Rick Perry Dropping Out of GOP Presidential Race
UPDATE: Rick Perry drew his campaign to a close Thursday and threw his backing behind Newt Gingrich, just miles from where he launched his presidential bid over five months ago.
(NORTH CHARLESTON, S.C.) -- Rick Perry will announce Thursday that he is dropping out of the race to become the Republican presidential nominee, ABC News has confirmed.
The Texas governor will hold a press conference in North Charleston, S.C., Thursday at 11 a.m. ET.
ABC News has also learned that Perry will endorse former House Speaker Newt Gingrich for the nomination.
Perry's decision comes amid growing calls from conservatives who've urged him to end his presidential bid and a drop in confidence among supporters.
Many fundraisers who saw Perry as a suitable candidate to win the GOP race now say they’re deflated and upset that he didn’t appear ready for the task.
“It’s over. It’s long over. Sometimes things are finished before they’re over. It’s embarrassing to come out of the gate and get shot down, but it happens,” said a Perry fundraiser who spoke on the condition of anonymity. “You’d think a guy who had 11 years in office...that he’d prepare, he’d read the paper and get prepared.”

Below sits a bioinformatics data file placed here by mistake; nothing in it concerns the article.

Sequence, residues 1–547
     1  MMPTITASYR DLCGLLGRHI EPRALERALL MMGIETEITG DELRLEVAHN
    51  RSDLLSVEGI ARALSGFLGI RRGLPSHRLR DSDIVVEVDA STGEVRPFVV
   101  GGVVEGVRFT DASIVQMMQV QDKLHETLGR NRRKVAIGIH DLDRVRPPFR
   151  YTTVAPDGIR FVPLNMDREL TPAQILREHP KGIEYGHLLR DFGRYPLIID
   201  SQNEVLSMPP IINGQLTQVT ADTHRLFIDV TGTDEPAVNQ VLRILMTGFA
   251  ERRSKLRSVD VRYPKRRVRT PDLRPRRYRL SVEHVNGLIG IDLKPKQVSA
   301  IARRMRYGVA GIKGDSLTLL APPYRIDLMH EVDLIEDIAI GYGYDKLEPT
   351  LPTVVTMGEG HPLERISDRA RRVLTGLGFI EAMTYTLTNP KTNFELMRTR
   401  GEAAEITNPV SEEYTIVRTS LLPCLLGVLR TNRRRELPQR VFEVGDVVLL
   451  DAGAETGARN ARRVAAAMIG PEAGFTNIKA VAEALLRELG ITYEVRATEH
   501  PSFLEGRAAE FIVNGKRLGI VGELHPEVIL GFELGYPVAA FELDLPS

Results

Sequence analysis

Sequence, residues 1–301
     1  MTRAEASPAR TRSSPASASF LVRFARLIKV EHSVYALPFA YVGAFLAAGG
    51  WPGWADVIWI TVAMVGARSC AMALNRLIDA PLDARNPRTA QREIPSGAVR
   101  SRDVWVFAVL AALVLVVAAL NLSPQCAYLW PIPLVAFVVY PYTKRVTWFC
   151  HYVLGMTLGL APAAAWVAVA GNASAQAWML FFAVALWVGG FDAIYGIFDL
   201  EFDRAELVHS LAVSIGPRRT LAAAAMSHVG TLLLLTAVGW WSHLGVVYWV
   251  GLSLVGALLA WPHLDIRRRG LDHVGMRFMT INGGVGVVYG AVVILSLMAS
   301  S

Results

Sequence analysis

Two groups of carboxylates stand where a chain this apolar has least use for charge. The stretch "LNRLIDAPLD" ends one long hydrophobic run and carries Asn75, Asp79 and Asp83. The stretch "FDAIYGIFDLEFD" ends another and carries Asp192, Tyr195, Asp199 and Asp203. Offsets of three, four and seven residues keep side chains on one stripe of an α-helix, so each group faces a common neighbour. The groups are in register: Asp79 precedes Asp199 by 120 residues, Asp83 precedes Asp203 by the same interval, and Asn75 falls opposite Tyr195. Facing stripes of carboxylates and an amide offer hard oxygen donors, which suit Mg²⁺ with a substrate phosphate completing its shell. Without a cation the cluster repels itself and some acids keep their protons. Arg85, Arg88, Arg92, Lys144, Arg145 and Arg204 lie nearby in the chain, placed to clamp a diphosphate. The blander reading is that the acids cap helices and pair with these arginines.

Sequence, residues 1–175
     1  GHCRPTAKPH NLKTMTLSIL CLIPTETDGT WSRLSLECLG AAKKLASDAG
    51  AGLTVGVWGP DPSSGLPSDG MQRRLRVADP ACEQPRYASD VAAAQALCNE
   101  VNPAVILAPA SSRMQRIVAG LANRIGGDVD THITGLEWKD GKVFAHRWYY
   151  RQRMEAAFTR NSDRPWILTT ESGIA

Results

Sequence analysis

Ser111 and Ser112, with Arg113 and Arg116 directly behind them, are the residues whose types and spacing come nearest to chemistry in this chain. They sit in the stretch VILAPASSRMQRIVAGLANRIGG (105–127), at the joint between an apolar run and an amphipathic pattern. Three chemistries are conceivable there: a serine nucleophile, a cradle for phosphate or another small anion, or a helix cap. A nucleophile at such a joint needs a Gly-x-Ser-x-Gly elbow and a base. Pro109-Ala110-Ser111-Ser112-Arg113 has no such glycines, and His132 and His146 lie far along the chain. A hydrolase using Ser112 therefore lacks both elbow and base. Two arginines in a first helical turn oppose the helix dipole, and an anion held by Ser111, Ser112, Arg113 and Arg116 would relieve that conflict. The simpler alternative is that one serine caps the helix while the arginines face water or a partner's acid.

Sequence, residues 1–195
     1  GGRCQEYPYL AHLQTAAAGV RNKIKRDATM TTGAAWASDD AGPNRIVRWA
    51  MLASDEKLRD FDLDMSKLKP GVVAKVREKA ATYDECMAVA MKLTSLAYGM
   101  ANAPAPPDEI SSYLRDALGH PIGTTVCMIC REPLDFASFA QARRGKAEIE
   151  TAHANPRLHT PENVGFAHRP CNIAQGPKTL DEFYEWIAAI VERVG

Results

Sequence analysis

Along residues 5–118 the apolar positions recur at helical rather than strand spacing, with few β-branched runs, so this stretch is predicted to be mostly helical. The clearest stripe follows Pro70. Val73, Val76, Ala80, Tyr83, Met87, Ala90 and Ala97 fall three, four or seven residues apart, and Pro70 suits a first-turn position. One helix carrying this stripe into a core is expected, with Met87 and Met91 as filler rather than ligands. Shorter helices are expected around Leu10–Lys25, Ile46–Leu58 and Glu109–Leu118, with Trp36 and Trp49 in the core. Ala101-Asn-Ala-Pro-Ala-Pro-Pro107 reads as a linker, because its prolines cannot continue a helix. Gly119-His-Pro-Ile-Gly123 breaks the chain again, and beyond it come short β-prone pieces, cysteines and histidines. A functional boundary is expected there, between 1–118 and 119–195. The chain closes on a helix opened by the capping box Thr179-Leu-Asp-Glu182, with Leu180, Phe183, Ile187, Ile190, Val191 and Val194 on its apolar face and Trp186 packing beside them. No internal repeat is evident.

Supporters point to Perry’s poor performance in debates as the key moments when fundraising dried up. The biggest mistakes that cost him, they say, were his “oops” moment when he forgot one of the government agencies he said he would cut, and when he said people who didn’t want to educate the children of illegal immigrants didn’t "have a heart.”
Perry's campaign has also been damaged by defections -- notably top donor Barry Wynn, who left Perry for Mitt Romney -- and an inability to gain ground with the public, despite spending millions of dollars.
His downfall is evident in South Carolina, where he is polling about 6 percent among the state's Republicans ahead of Saturday's primary.
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